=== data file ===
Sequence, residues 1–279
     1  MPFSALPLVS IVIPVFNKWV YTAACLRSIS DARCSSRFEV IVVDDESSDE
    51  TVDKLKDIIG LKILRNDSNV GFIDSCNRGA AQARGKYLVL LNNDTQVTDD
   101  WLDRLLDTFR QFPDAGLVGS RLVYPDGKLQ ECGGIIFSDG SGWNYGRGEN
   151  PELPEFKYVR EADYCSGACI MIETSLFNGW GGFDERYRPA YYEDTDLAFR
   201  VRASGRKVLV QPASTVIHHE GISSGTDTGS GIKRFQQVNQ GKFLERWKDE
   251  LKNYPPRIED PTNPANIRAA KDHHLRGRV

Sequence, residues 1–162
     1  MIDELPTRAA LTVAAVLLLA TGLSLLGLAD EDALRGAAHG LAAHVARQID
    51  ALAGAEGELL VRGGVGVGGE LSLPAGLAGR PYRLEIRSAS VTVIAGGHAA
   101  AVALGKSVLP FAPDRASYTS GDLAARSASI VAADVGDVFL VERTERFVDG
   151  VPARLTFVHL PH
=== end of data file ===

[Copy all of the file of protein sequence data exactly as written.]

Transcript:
Sequence, residues 1–279
     1  MPFSALPLVS IVIPVFNKWV YTAACLRSIS DARCSSRFEV IVVDDESSDE
    51  TVDKLKDIIG LKILRNDSNV GFIDSCNRGA AQARGKYLVL LNNDTQVTDD
   101  WLDRLLDTFR QFPDAGLVGS RLVYPDGKLQ ECGGIIFSDG SGWNYGRGEN
   151  PELPEFKYVR EADYCSGACI MIETSLFNGW GGFDERYRPA YYEDTDLAFR
   201  VRASGRKVLV QPASTVIHHE GISSGTDTGS GIKRFQQVNQ GKFLERWKDE
   251  LKNYPPRIED PTNPANIRAA KDHHLRGRV

Sequence, residues 1–162
     1  MIDELPTRAA LTVAAVLLLA TGLSLLGLAD EDALRGAAHG LAAHVARQID
    51  ALAGAEGELL VRGGVGVGGE LSLPAGLAGR PYRLEIRSAS VTVIAGGHAA
   101  AVALGKSVLP FAPDRASYTS GDLAARSASI VAADVGDVFL VERTERFVDG
   151  VPARLTFVHL PH